Rediscovering joy and meaning
Dr Judith Seaboyer, formerly a senior lecturer in literary studies at the University of Queensland, who retired last May, recently went through a fiction dry spell. “There’s so much good stuff to listen to [on the radio], so much good journalism out there to read, and I was finding that I wasn’t reading novels any more.”
“As somebody … who’s done a PhD in contemporary literary fiction, and taught it for over 20 years – you think I’d know [reading books] is worth doing.”
What broke Seaboyer out of her slump was reading new work by an author she loves – Ali Smith’s Companion Piece. Synthesising ideas and making comparisons across multiple texts is also a known strategy for deepening reading comprehension, so some might find it helpful to dig into multiple books by the same author.
Seaboyer’s advice is to read with curiosity and to carefully consider an author’s choices, which can lead to a deeper understanding of language, characters and plot. “Jot things down, annotate your book, write things in the margin,” she says. “Some publishers are putting out reading guides now – that’s often quite useful.”
Nabokov believed that “One cannot read a book: one can only reread it”. For him, revisiting books – like the process of regarding a painting – meant the mind first “takes in the whole picture and then can enjoy its details”.
“You [might] remember that you really loved reading Austen,” Seaboyer says. “It’s interesting to be thinking as you read … now that I’m older and wiser, am I seeing any of this any differently than I did when I was 18?”
“There are ways to be kind to yourself, to allow yourself the opportunity not to understand something the first time through, or to say … maybe there’s a different book I should read first,” Baron says. “It’s like reading James Joyce: if you want to start with Ulysses, good luck. If you start with A Portrait of the Artist as a Young Man, you’ll have a better shot at working your way in.”
If reading solely for pleasure, abandoning books that are not bringing enjoyment could, in fact, increase reading time. Of frequent readers surveyed in 2021 – those who consumed at least one book a month – 54% reported not finishing a book if they disliked it. As a result, they “move[d] on more quickly to the next book for greater enjoyment … and have fewer and shorter gaps between books”.
For those wanting to read more – for relaxation or self-improvement – Baron suggests committing to short but regular periods of reading, similar to time set aside for exercise or meditation.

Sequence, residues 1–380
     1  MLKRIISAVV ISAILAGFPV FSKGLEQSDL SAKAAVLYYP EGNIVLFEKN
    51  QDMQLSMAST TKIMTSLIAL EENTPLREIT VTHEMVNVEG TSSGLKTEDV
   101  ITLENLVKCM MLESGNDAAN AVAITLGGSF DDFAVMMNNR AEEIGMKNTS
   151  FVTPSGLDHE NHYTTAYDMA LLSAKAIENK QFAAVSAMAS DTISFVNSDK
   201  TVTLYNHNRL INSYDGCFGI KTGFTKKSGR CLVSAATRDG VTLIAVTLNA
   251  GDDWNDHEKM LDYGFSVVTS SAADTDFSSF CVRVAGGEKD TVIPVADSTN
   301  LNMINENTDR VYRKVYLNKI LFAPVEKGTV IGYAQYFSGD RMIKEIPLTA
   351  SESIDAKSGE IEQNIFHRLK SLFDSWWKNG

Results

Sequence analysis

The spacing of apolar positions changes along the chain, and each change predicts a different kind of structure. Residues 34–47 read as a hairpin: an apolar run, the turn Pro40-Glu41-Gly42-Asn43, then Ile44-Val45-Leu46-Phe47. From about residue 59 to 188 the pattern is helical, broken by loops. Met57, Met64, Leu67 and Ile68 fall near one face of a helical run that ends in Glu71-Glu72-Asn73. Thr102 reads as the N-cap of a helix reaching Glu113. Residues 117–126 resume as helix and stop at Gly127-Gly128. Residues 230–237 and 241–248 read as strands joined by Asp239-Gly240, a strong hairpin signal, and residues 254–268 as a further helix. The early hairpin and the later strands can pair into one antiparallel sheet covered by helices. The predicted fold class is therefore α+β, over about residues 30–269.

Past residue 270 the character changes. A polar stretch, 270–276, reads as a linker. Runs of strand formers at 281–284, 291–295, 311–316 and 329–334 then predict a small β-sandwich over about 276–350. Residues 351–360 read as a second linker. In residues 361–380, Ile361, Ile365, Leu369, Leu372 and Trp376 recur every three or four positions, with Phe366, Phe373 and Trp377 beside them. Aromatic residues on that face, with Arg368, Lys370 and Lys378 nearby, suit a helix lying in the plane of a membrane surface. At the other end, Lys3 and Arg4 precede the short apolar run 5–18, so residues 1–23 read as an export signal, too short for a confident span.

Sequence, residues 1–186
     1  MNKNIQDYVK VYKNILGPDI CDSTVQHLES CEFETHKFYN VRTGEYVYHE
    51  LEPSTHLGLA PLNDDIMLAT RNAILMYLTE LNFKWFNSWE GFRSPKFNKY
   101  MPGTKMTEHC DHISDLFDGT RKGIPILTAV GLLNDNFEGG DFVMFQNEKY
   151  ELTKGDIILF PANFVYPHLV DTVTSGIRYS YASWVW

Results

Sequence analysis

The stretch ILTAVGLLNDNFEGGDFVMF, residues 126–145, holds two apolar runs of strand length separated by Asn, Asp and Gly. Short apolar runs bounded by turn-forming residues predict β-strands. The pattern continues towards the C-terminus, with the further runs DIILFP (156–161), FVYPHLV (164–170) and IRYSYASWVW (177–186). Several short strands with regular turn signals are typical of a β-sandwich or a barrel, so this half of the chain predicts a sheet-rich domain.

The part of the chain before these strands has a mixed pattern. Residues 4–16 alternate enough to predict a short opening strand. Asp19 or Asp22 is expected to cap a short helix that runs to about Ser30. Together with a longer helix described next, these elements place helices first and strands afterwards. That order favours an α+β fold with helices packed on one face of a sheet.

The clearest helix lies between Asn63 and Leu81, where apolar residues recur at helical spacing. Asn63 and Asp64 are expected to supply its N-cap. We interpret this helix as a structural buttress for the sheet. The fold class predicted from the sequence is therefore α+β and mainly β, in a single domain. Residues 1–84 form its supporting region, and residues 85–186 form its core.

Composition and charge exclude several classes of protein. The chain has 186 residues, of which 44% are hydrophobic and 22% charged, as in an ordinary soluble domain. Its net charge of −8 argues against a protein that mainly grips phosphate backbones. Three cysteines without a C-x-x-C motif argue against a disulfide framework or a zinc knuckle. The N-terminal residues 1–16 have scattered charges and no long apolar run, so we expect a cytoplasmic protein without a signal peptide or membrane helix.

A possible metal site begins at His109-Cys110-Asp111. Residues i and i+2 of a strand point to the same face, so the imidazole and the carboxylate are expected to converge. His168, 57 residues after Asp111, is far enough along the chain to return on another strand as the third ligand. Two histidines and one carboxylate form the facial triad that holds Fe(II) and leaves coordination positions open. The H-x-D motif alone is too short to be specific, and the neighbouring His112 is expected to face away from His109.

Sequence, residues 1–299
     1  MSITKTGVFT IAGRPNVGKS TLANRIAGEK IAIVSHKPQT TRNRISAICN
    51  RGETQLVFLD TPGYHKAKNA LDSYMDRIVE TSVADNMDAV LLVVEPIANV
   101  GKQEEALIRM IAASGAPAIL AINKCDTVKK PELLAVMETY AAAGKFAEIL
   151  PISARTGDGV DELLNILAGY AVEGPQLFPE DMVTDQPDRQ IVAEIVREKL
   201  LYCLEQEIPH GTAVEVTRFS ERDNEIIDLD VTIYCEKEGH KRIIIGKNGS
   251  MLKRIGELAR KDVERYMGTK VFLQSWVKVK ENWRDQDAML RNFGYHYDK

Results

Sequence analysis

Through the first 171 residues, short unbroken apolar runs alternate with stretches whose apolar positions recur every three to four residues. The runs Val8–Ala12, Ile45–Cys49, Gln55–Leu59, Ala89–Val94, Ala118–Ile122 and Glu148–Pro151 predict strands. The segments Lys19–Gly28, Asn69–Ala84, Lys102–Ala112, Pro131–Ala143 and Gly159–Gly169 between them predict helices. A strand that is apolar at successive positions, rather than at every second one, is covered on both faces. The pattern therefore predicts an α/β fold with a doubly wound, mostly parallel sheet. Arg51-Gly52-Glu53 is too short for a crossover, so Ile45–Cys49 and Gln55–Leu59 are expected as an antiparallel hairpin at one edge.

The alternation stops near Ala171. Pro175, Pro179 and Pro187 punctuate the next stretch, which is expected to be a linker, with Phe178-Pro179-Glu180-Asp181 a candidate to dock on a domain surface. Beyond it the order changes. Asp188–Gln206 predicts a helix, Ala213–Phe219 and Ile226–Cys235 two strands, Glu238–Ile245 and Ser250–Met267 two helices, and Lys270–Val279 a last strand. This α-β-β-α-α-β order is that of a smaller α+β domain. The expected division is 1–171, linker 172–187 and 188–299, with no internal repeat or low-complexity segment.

The speed question
Some people are naturally fast readers – celebrated academic Harold Bloom claimed to be able to read 1,000 pages an hour in his prime. Most adults, according to 2019 analysis, read English nonfiction silently at a rate of between 175 and 300 words a minute, and fiction at a rate of 200 to 320.
While speed reading techniques or apps may seem alluring for the time poor, they’re unlikely to work without compromising understanding.
“Fast readers are not necessarily better at reading comprehension,” Vidyasagar says.
There are no shortcuts to reading faster. Becoming a better reader requires persistence and “dealing with the frustration at not seeing overnight results”, Snow says. “It’s like any skill – learning a musical instrument, learning to drive a car.”
A 2016 review of the science of reading found that reading can be improved in the same way all other skills are developed: through practice. “The way to maintain high comprehension and get through text faster is to practise reading and to become a more skilled language user.”
“If two goals of reading might be to learn for the long haul, and to think – that may be part of enjoyment, that may be part of learning – then what’s the hurry?” Baron says. “Why are we feeling like the White Rabbit?”
For Seaboyer, reading a good book is akin to a meditative experience . The “wonderful, immersive process that is deep reading” reliably brings her pleasure. “Something else is picking you up, and moving your mind and body and soul into a different space so you can think about the world differently.”